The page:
Identification, Images, & Information
For Insects, Spiders & Their Kin
For the United States & Canada
Clickable Guide
Moths Butterflies Flies Caterpillars Flies Dragonflies Flies Mantids Cockroaches Bees and Wasps Walkingsticks Earwigs Ants Termites Hoppers and Kin Hoppers and Kin Beetles True Bugs Fleas Grasshoppers and Kin Ticks Spiders Scorpions Centipedes Millipedes

Upcoming Events

BugGuide is a National Moth Week Partner. How to add your National Moth Week 2021 photos. July 17-25.

Photos of insects and people from the Spring 2021 gathering in Louisiana, April 28-May 2

National Moth Week 2020 photos of insects and people.

Photos of insects and people from the 2019 BugGuide Gathering in Louisiana, July 25-27

Discussion, insects and people from the 2018 gathering in Virginia, July 27-29

Photos of insects and people from the 2015 gathering in Wisconsin, July 10-12

Photos of insects and people from the 2014 gathering in Virginia, June 4-7.

Photos of insects and people from the 2013 gathering in Arizona, July 25-28

Previous events

Bee Fly filling

Bee Fly filling "Sand Chamber"? - Villa - Female
Below summit of Black Mountain, Santa Clara County, California, USA
July 31, 2010
Photographed on dirt road surrounded by oak woodland and chaparral on rocky mountainside at about 2100' elevation.

I think this may be a female filling her "sand chamber" or "psammophore" described in Andy Calderwood's comments here and here.

I tried to key this in Hull(1) and the "Manual of Nearctic Diptera"(2), got to subfamily Exoprosopinae, tribe Villini...beyond that I couldn't get a good fix on genus...maybe Villa or a nearby genus?

[Note: Villini is currently considered a tribe within the subfamily Anthracinae (see the "World Catalog of Bee Flies"(3)(2003) by Evenhuis & Greathead). The former subfamily Exoprosopinae, where Hull(1) (1973) and "The Manual of Nearctic Diptera"(2) (1981) placed the tribe Villini, is no longer recognized as a subfamily.]

Images of this individual: tag all
Bee Fly filling Bee Fly filling Bee Fly filling

A bit more info after 5+ years
I'm fairly convinced this is what has been variously referred to as Anthrax muscaria (see Coquillett's original 1892 description here), Villa muscaria (see Painter(1926)), Thyridanthrax muscaria (see data on AMNH type image page), and was given the replacement name of Villa myximyia on page 506 of Evenhuis & Greathead(1)(2003).

The individual here goes to A. muscaria in Coquillett's 1892 key and is in excellent agreement with his original description for that species here.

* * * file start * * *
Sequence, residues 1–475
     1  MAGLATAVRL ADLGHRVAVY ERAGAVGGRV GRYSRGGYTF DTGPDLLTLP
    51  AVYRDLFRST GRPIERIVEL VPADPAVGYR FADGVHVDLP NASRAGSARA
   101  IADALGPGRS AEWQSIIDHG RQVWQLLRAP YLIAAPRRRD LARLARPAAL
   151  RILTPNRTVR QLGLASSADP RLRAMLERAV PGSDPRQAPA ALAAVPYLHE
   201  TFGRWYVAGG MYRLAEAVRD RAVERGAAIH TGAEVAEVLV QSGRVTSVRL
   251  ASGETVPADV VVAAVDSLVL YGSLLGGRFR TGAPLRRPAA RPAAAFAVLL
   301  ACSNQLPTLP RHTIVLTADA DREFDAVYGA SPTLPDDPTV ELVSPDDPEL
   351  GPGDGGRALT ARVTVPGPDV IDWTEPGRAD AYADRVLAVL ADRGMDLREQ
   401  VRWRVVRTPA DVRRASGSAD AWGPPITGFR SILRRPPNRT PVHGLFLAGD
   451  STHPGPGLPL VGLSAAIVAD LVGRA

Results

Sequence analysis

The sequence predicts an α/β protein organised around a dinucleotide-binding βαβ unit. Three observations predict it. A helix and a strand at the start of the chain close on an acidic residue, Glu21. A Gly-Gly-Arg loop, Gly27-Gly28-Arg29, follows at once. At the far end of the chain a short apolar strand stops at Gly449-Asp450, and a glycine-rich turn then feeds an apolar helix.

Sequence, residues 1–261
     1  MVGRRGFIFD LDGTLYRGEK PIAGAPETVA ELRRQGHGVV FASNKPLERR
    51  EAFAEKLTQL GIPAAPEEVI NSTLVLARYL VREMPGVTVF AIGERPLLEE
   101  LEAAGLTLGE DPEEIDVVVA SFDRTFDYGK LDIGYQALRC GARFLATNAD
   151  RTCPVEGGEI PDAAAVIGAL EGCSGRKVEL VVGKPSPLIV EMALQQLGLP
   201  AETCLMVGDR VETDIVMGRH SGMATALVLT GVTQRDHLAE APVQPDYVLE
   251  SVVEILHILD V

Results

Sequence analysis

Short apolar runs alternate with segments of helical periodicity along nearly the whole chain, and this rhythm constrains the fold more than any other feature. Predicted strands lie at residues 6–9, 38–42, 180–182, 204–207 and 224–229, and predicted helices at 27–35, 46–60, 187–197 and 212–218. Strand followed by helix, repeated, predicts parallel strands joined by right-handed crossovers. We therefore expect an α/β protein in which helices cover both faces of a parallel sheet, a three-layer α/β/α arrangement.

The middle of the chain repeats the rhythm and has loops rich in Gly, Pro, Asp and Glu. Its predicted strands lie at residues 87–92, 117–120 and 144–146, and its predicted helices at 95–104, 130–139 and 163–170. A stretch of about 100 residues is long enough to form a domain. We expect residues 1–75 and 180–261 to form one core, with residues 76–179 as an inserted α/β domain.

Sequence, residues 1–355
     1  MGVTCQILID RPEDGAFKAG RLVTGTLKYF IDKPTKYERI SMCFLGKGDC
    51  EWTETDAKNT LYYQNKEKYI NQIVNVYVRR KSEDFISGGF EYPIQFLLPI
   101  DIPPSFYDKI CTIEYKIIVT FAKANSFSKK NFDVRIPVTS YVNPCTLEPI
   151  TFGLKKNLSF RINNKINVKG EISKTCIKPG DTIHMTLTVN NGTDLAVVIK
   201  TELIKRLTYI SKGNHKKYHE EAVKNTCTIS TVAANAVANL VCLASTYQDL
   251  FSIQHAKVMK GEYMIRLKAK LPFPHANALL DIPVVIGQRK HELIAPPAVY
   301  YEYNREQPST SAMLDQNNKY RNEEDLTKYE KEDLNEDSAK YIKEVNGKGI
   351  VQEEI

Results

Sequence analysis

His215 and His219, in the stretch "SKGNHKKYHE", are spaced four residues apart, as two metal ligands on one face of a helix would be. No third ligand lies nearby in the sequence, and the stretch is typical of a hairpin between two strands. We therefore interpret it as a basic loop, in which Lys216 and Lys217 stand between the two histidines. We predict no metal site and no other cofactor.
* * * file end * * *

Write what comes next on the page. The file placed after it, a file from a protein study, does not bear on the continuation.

In keys clearly to Villa muscaria in Painter(1926), where the principal key character given there is "median longitudinal yellow tomentose stripe across the center of the thorax". That median longitudinal stripe is unfortunately obscured by the pin (and perhaps somewhat abraded?) in the type specimen and these dorsal and lateral images from the Univ. of British Columbia.

Again, per Evenhuis & Greathead(1)(2003), it appears the proper current name is V. myximyia

Moved from Villini.

Moved from Bee Flies.

Beautiful photos, Aaron...
I'd guess Villa too. :-)

Thanks, Harsi :-)
I really tried to work through those keys!

It felt like I was making good progress...passing through lots of couplets in getting to tribe Villini. But there are a whole lot of genera in that tribe, so the couplets just keep on coming at you!! :-)

Beyond tribe Villini, the key characters start to focus on details that (for the most part) I didn't capture in my images. So the only hope I see of getting further with an ID is through the experience of someone who has very detailed knowledge of gestalt and/or other distinctive characters that (for whatever reason) might not have made it into the keys I was working with. Such characters are often present, as keys frequently focus on subsets of characters sequenced to separate out and order particular groupings of taxa, clumped by the choices dictated by a particular parsing chosen for the given key, and often neglecting to mention other (perhaps distinctive & useful) characters not relevant to that chosen parsing.

In particular, the wing venation on this gal seemed distinctive to me. Maybe that, and/or patterning of color, hairs, etc, will be helpful? With luck, an expert may recognize something diagnostic here.

Echoed, both ways
And yes, she's filling up with sand.

Good (...good) To Hear (...hear)
Thanks Ron :-) I bet you've seen that sand-filling behavior before. I'll mark it as a female...and move it, at least to Villini.

It is certainly Villa.

Thanks for Confirmation, Andy


Comment viewing options
Select your preferred way to display the comments and click 'Save settings' to activate your changes.